Christ College Triptych (2001)
Altarpiece in the Chapel, Christ College, Brecon, Powys, Oil on Canvas
“The last loud cry”
The Crucifixion is deliberately painted with a rougher texture to emphasise the extreme harshness and cruelty of the agony that Christ is experiencing. There is nothing of the traditional setting of Crucifixion paintings. There is nothing to distract the viewer from the sense of loneliness, abandonment and horror being felt by Christ the victim. Jesus cries out the words of Psalm 22: “My God, my God, why have you forsaken me? Following which, “with a loud cry he breathed his last.” [Mark 15. 34-36].
It is important that at this moment the viewer is not distracted by the traditional narrative iconography of the Virgin and St John the Evangelist, or of the Roman soldiers casting lots. For it is through this agonising moment of sacrifice that Christ’s glorification is achieved and we are redeemed.
The sky is black, turbulent and threatening, but in the distance there is the light of hope that is just beginning to illuminate the New Jerusalem.
“Drink this all of you.”
The chapel at Christ College is used daily by staff and students. The altarpiece was painted without any antecedent style or iconography in mind, but to bring the meaning of the Eucharist, Passion and Resurrection into focus for those viewing it daily.
Being behind the altar where the Eucharist is celebrated the this panel depicts the central moment of the Eucharist: “After supper, He took the cup and when he had given thanks he gave it to them saying ‘Drink this, all of you…” [Luke 22. 20] He speaks to practicing Christians down the ages, including the current individual viewers, and not just the ‘eleven’. The panel is therefore titled “Drink this all of you”.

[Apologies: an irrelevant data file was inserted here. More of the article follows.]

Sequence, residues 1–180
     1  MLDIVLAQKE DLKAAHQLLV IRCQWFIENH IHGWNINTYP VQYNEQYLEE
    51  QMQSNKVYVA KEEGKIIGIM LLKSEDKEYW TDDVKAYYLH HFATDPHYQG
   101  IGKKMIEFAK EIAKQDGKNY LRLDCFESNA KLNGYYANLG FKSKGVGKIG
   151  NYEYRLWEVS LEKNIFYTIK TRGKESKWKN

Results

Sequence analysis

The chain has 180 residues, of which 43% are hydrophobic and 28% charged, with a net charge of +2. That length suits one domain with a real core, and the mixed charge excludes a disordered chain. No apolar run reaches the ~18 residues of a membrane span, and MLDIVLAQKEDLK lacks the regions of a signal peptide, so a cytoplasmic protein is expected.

Judas is just seen leaving on the right. “He went out, and it was night” [John 13.30]. Those who remain are the faithful of today. They are of all ethnic origins, ages and gender. This also reflects the make up of the staff and student body. They have been painted in the dress in which they came to model for the painting. Christ wants us as we are and not in some historical fancy dress, nor conforming to some supposedly ‘appropriate’ pattern. Jesus is clothed in a chasuble, as he remains eternally the High Priest of all who believe in Him. [Hebrews: Chapter 4].
It is to be noted that there are only ten people apart from Jesus left round the table after Judas’ departure. The gap is for the viewer him/herself: one of today’s disciples and to whom Jesus still speaks these words.
Through the window at the back can be seen the three as yet untenanted crosses, reminding us that it is through the passion, the process started at the Last Supper, that the promise of salvation, forgiveness and eternal life, is bestowed.
In contrast to the Crucifixion panel, the Resurrection is painted with a much smoother texture. By dawn on the third day a new calm ‘light of Christ’ is coming back into the world. [Compare John 1: 9]. Mary Magdalene has been left alone grieving at the tomb after the Peter and John have left. She hears movement and turns. She fails to recognise Jesus who is silhouetted against the dawn sky. He reveals himself to her with the single word “Mary”. He calls all of us by name if only we can listen and see clearly and calmly. To hear it is a moment of supreme peace and a revelation of the deepest meaning of love.
The grave at the bottom left is symbolically far too small. No grave, however secure, can keep God captive. Equally symbolically, the rocky outcrop in which the grave is situated bears a rough resemblance in shape to a church, a focal point for today’s people of God.